THE NECESSARY AMOUNT OF AGREEMENT
We come next to the question of how much consent or agreement there should be. That depends, it seems to me, on the importance of the measure and on the length of time during which it is being argued or has been in effect. An important measure obviously should command more support just because it affects more people or affects them more deeply. There are ways of sensing what is more and what is less important. If a proposed measure evokes sharp differences, if it agitates the public, it probably is important and does not have sufficient support to justify its being enacted, even though it may have a nominal majority in the legislature. But these observations must be qualified. Controversy can be manufactured, and there will seem to be less agreement than there actually is. Even when real, the controversy may be ephemeral. It is the business of the legislature to decide what is in the public interest in the long run. Its business is not to be guided by the opinion of the moment. If it is wrong about the public interest, the public will correct it at the next election. There can be circumstances in which it legitimately can enact a measure that clearly is against what the public at the time believes to be in its interest. The legislature may do so if it believes the public will change its view once it has experience with the measure. If, however, the opposition is continued, or if the measure is difficult to enforce, or if the public refuses to return to office those who enacted it, then the measure should be repealed. Repeal can be very difficult to effect. Hence it is prudent to reduce the scope of a controversial measure and use it to make marginal rather than fundamental changes. If this is impossible, the measure should not be enacted, and the legislature simply must wait until there is public approval.
These remarks about agreement are not precise, and some readers will be dissatisfied with them. What I am saying is that the amount of agreement necessary for the enactment of a measure of liberal policy is that amount which the legislature judges to be necessary. Therefore it is the judgment of legislators that decides what is and what is not consistent with the popular will. There are many who do not care for legislators. Some do not because they are opposed to representative government and not simply to the legislators who carry it on. The issue between them and me is not whether the legislature can interpret the popular will. The issue is whether popular will should guide policy, or whether policy should be guided by some impersonal force like history, a divine will, natural law, a racial spirit, or even a force like an enlightened few who believe they know what is good for the population better than the population itself knows. Those who oppose the popular will are simply opposed to liberalism in its most fundamental aspect.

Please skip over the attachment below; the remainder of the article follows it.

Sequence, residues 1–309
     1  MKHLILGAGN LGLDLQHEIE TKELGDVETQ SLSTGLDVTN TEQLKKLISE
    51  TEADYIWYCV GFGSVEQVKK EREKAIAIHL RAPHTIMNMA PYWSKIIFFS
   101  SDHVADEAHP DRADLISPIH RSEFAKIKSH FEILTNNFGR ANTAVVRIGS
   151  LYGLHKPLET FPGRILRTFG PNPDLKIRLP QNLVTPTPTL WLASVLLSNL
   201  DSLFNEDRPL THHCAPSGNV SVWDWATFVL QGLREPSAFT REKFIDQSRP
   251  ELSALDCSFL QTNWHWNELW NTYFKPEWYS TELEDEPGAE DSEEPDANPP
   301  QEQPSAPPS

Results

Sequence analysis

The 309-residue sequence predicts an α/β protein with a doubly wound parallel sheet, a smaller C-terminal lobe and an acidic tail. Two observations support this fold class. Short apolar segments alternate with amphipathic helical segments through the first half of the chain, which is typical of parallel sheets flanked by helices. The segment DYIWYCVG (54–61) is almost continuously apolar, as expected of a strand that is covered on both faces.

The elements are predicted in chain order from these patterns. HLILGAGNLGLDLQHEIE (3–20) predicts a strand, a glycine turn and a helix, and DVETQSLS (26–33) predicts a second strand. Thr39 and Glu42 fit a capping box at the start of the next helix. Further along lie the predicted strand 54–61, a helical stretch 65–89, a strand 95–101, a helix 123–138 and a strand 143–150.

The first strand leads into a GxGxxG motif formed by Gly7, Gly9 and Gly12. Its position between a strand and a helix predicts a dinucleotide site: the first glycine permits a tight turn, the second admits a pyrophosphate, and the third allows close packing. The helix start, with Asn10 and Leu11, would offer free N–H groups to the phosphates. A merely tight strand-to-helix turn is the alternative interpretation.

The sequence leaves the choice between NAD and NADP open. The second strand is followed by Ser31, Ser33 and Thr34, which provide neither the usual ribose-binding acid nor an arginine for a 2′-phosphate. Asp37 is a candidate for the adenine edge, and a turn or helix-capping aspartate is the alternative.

There is another group of people. They subscribe to liberalism, but have little confidence in legislators. That is because they have little confidence in government per se. They can marshal evidence of what Spencer called the sins of legislators. But the evidence proves too much—namely, that government should not exist at all, or that it has deprived us of fundamental liberties. The former is not a helpful conclusion, while the latter simply does not correspond to our experience. If it were true that everything the government does, beyond the maintenance of law and order, is an action that deprives individuals of some of their liberty, then we should now feel quite unfree even in normally democratic countries. We should feel restrained by compulsory school laws, public schools themselves, utility regulation, most monetary policies, progressive taxation, and a great many other things that are a common part of our existence. I do not say there can be no reasonable objection to such things. There can be and is. What I am saying is that we do not believe these things place us under restraints that are constantly irksome, chafing, and so objectionable that we would, if we could, throw them off.